We have already covered the topic of using other people’s work and the issue of attribution. Now, it is time to figure out how to protect the work that is produced in your company. Being an online worker, adding copyright or, at least making sure it is done correctly, is one of your responsibilities.
There is a difference between a copyright, unregistered and registered trade mark. The copyright is marked by the well-known symbol©, unregistered trade mark has the symbol ™ and the registered trade mark has the symbol®.
In order to use ™ or ©, you don’t have to apply to any authority agency or anything similar. However, such application is necessary in order to use ® rightfully.
What Is the Correct Format of Copyright?
You can protect your files, publications, website content and other works that you or your company produce.Your copyright sign needs to have three elements:
- The copyright symbol
- Year of the first publication
- Author or copyright holder
It can also have a statement about the rights in the end, but that is no longer used or needed.
The copyright symbol can be easily replaced with a simple phrase ‘Copyright by’ or the abbreviation ‘Copr.’ There is no difference between these two options.
The symbol should be followed with the year of first publication. Notice that it doesn’t have to be the same as the year the work was completed. For example, you had a text you written in 2009, but it was unpublished until 2016. In that case, the year you list is 2016.
The author of the work and the copyright holder don’t have to be the same person. If the copyright holder is the person, put that name after the copyright sign or phrase. This is also the place where you should put the name of the website or the company that holds the copyright.
Therefore, some of the examples of the copyright formats would be:
© 2016 John Smith
© 2013 your-website.com
Still, this format is not set in stone. It is just a preference, and most people and organisations do it that way. There are different variants and all of them include these elements, but their order may vary.
How to Make a Copyright Sign?
If you are typing it in Word or using Google Docs, it is enough to use the combination of the following symbols (c) and these text editors will automatically turn it into ©. If this doesn’t work for any reason, you can use the Insert>Special Symbols and find it there.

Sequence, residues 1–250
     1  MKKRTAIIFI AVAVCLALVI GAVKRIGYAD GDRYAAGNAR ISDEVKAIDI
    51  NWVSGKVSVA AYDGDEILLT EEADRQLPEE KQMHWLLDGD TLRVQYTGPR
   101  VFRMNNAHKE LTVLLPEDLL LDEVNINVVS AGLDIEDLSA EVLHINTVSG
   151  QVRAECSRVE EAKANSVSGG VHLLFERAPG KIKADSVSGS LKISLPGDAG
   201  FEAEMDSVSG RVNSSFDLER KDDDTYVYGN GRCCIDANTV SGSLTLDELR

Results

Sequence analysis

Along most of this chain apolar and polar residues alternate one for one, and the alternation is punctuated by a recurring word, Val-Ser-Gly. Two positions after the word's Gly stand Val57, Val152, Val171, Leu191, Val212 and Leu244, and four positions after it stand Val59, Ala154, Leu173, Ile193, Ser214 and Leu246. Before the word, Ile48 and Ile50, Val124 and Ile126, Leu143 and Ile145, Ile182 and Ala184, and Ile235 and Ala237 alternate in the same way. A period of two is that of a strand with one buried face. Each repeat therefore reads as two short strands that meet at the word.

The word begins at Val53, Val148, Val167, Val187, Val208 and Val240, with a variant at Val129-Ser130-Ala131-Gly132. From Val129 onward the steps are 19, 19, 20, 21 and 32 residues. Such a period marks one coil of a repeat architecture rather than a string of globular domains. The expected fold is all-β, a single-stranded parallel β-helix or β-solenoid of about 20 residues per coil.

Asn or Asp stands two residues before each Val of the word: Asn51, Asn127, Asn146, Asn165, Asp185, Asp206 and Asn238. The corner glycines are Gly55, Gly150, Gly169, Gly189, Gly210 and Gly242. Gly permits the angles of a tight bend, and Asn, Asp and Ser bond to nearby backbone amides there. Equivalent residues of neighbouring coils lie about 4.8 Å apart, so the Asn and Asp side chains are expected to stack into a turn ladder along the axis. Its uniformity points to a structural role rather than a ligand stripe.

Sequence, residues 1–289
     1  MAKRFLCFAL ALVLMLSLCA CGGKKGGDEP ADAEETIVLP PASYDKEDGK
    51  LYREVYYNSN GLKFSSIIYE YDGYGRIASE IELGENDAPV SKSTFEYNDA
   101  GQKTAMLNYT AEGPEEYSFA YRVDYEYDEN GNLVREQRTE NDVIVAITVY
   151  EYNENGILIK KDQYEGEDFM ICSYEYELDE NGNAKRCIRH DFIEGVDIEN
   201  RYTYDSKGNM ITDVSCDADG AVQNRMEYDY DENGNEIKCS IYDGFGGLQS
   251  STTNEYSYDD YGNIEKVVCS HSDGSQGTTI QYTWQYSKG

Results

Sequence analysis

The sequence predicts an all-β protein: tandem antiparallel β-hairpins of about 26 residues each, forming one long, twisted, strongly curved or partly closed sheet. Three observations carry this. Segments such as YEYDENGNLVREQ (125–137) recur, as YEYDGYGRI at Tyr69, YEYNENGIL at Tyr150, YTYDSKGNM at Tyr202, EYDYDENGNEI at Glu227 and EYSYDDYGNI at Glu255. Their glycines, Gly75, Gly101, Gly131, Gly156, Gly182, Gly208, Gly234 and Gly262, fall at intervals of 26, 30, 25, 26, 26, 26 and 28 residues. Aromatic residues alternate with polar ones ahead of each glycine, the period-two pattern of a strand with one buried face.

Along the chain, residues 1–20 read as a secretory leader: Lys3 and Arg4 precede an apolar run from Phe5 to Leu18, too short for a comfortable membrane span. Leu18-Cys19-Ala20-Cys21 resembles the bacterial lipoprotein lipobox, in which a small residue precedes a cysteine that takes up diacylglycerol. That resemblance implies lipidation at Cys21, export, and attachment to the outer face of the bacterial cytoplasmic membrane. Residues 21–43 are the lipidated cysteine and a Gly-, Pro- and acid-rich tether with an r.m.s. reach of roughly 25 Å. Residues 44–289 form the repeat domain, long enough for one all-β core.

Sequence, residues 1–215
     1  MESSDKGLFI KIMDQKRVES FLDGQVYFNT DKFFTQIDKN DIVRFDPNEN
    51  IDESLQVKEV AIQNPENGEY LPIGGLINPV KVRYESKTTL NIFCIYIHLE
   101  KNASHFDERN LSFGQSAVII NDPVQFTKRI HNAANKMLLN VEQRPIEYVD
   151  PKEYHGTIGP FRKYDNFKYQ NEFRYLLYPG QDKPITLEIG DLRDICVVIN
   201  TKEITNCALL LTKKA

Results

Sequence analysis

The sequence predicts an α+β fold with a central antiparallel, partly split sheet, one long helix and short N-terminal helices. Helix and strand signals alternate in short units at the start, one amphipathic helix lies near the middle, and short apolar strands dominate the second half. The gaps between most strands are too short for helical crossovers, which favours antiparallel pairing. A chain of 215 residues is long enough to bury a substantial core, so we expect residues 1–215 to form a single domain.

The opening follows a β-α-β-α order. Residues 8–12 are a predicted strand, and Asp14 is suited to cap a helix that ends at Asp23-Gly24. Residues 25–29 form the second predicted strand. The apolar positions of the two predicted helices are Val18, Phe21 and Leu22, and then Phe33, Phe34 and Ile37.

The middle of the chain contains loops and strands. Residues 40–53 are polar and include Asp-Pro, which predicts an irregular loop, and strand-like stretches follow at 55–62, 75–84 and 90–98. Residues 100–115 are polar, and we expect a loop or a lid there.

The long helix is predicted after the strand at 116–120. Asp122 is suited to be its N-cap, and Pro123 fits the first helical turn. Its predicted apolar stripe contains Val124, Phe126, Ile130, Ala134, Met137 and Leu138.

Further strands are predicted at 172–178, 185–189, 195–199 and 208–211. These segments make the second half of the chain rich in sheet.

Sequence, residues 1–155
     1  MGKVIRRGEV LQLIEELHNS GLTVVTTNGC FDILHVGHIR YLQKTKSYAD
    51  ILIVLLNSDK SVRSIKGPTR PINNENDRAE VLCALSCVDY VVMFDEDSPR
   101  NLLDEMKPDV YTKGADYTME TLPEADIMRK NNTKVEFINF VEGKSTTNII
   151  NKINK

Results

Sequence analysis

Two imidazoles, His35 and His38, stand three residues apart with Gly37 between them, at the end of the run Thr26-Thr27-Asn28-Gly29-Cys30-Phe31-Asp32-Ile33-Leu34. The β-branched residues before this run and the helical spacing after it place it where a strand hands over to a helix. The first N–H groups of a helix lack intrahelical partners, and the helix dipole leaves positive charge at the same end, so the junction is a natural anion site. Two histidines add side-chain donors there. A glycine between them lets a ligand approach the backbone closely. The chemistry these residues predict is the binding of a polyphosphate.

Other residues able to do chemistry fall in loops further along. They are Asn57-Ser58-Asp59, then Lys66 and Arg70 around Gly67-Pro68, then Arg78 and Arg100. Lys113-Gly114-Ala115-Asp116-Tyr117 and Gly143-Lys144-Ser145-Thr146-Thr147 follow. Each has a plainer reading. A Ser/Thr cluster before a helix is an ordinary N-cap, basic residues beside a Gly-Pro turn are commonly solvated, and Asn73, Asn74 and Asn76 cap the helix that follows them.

In Windows, you will make this symbol by holding down ALT and typing numbers 0169. Mac users need to hold down Option while pressing G. If you are using HTML, you should type in ©
Where to Put the Copyright Notice?
There is no exact place that you should aim for. The rules say that it should be positioned so that it gives reasonable notice of copyright. For websites, like Gazebos Australia it is usually at the very bottom of the page. Same goes with individual texts published on those websites.
Books and other multi-paged material usually have their copyright notice in the first or the last page or the book covers.
Is a Copyright Sign Really Necessary?
Actually, you don’t really need it anymore. Using this type of copyright is outdated. In the US, all the works created before January 1978 still need to have the copyright notice. However, authors who created works after that, are no longer obliged to put copyright notice on their work to protect it.
1988 Berne Convention Implementation Act was implemented in 1989. This is an international convention and it says that a copyright notice is optional for all works created after the March 1st, 1989.
Why Should You Add the Copyright Notice Anyway?
So, if it’s not necessary, you don’t have to add it right? Well, not quite.
The reason are all those people that aren’t very knowledgeable about the copyright. Just because it doesn’t say that the work is copyrighted, it doesn’t mean that it’s free to use. Not all people understand that.
In other words, while your copyright notice doesn’t provide you with more legal protection, it can prevent cases of “innocent infringement.” That is the case when perpetrators claim that they weren’t aware that they are making an infringement because there was no copyright notice.
The difference is in the fine. “Innocent infringement” is fined less than the “ordinary” one. Therefore, it takes up only a little bit of space and only a couple of seconds of your time to set up a copyright notice and it can still offer some additional protection.
In order to be sure that everybody is aware that your files and publications are protected, you should use a copyright notice on your work. Even if that is the company’s property, it still needs to be protected.
While copyright notice is not obligatory, having it still helps prevent cases of ‘innocent infringement’. In order for it to work, it needs to be positioned in a way that makes it reasonably visible and it has to have a proper format.
Proper format starts with the copyright symbol ©, phrase “Copyright by” or the abbreviation “Copr.” Other elements are the year of publication and the name of the copyright holder. The prefered order of these elements is: symbol, year, name. However, it is not necessary.
Frequently Asked Questions
1. Which elements need to be included in the copyright notice?
a. Copyright symbol (or phrase or abbreviation), copyright holder name and year of publication
b. Copyright symbol (or phrase or abbreviation), copyright holder name and year of creation
c. Copyright symbol, phrase “Copyright by” and abbreviation “Copr.”
d. Copyright symbol only is enough
2. Is your work protected even if there is no copyright notice?
a. No. Reasonably visible copyright notice is the only way to protect your work.
b. Yes, but visible copyright notice can prevent some cases of infringement.
3. How can you express the copyright?
a. Using the phrase “Copyright by”
b. Using the symbol ©
c. Using the abbreviation “Copr.”
d. Any of the above